I could go on about how good teams win close games. I could explain in lengthy detail that good teams don't lose to lesser teams. I could even touch on that over-used, ever so fickle word "clutch."
But I won't, because at this point each option sounds like an excuse.
The team that marched onto the field on Sunday afternoon looked far from undefeated. Atlanta will enter their bye week on a high note of sorts, but lurking underneath the shiny team hood is an engine that could use some real tune-ups.
Wisdom burns bright within this one
Perhaps no player hit my sentiments more accurately than Michael Turner. In a post-game interview with Jeff Schultz of the Atlanta-Journal Constitution, Turner openly admitted that this team has not played championship-caliber football over the past three weeks:
"Yeah, a win is a win," he said. "But we’re looking at something beyond just winning right now. We’re trying to be special and special teams don’t play like that."
The Burner continues with his accurate perceptions:
"I’m not sure why it’s going like this," Turner said. "It’s great to be 6-0 and everything. But we can’t just assume we’re always going to be able to get an interception or a last-minute field goal every time. At some point we’re going to have to run the ball. We’ve got to be able to knock it in [the endzone]."
But with the offensive line relapsing to 2011 form, giving Turner 20+ carries per game may not be the best course of action these days.
Matt Ryan was unusually inaccurate against the Raiders - yet again, a team with a secondary not even close to being considered "top of the line" has given Ryan problems - but he was also pressured early and often and made three crucial mistakes because of it.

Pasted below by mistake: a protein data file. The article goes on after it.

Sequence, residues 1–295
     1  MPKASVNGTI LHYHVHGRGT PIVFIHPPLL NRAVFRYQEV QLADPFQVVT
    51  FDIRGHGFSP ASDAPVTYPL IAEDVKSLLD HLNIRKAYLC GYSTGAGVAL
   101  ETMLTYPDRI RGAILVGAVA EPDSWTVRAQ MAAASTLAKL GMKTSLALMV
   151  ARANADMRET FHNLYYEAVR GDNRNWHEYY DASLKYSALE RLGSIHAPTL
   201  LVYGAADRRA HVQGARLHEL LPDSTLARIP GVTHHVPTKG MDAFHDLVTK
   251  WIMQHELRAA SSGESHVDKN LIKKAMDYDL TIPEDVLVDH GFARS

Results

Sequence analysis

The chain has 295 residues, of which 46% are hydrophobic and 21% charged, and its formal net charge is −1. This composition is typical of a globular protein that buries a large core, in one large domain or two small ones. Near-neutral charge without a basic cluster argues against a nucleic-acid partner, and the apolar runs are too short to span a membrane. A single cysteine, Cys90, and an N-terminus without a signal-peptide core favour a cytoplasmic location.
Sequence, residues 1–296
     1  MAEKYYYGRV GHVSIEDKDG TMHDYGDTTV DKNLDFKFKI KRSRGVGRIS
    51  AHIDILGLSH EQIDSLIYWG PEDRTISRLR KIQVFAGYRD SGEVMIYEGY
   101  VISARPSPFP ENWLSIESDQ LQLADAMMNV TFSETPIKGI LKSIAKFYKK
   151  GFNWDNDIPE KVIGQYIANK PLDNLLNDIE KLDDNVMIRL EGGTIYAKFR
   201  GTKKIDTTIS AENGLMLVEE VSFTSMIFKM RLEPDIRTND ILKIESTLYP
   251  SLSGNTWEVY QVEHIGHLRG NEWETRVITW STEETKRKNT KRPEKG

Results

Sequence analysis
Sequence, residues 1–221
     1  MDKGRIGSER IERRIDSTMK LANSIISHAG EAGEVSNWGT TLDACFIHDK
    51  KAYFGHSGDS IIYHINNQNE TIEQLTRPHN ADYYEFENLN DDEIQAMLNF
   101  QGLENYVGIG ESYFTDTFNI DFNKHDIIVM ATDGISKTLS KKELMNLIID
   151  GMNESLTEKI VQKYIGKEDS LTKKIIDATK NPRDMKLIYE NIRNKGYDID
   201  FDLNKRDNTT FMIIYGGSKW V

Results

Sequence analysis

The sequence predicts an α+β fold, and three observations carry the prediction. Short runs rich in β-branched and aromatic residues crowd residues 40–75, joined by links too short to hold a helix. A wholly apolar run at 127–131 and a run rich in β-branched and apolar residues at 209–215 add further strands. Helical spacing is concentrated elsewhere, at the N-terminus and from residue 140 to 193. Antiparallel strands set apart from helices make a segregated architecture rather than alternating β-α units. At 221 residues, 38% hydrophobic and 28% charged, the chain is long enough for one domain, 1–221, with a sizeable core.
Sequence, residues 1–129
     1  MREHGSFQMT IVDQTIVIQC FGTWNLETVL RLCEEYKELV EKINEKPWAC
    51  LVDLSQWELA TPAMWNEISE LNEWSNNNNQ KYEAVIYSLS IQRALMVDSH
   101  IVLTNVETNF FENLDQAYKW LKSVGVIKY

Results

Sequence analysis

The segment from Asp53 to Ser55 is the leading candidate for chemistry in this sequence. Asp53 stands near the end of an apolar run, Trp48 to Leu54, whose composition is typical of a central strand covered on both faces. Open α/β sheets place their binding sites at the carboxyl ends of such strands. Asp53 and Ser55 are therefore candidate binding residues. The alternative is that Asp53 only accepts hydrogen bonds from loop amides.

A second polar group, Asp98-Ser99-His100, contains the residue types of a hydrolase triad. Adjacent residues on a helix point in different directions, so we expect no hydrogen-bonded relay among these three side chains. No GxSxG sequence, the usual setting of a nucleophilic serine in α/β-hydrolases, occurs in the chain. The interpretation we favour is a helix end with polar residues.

Offensive line issues are rarely corrected quickly, and for whatever reason the group continues to under-perform. Still, they are not the main reason behind this scoring stagnation.
What has happened to the Falcons offense is very simple, and all successful teams must grapple with it eventually: other teams are catching onto Dirk Koetter's new scheme.
Whatever Koetter has attempted to execute has worked (to varying degrees) through six weeks. But entering this bye week, they need a fresh approach. Healthy players, including Tyson Clabo and Michael Palmer, won't hurt.
A week back at the drawing board that adds some wrinkles in the playcalling, maybe even devises some more effective running-down packages, could be just what this team needs.
The other half was not so good, son
However, it ended up being the likes of Mike Goodson and Darius Heyward-Bey, whom combined for 79 yards on a mere five rushes, who tore the Falcons apart on the ground.
That's not to take away from the great individual efforts we saw. John Abraham tallied 3.0 sacks, effectively doubling his season total. Asante Samuel came away with a crucial interception return for a touchdown in the fourth quarter.
Despite those bright performances and limiting Oakland to only 20 points through four quarters, the Falcons defense was noticeably mediocre in this contest. Carson Palmer topped 350 yards passing, and the 149 rushing yards allowed has become a rule rather than the exception.
What it comes down to again are injuries and a chance to renew. Nicholas will return welcomed with open arms, and Mike Nolan should hopefully use his extra time to gameplan for an Eagles offense that looks more than a little inconsistent.
Deserving of 6-0?
Of course the Falcons deserve every win they've attained this season. It cam down to a simple matter of execution, and more often than not Atlanta executed while their opponents did not.
But this team is also very far away from being flawless. If they realize this - which Turner's comments indicate - and can utilize this bye week to really rest and reassess the team's play and gameplanning going forward, all will be well in Falconsland. The Eagles should serve as an excellent litmus test.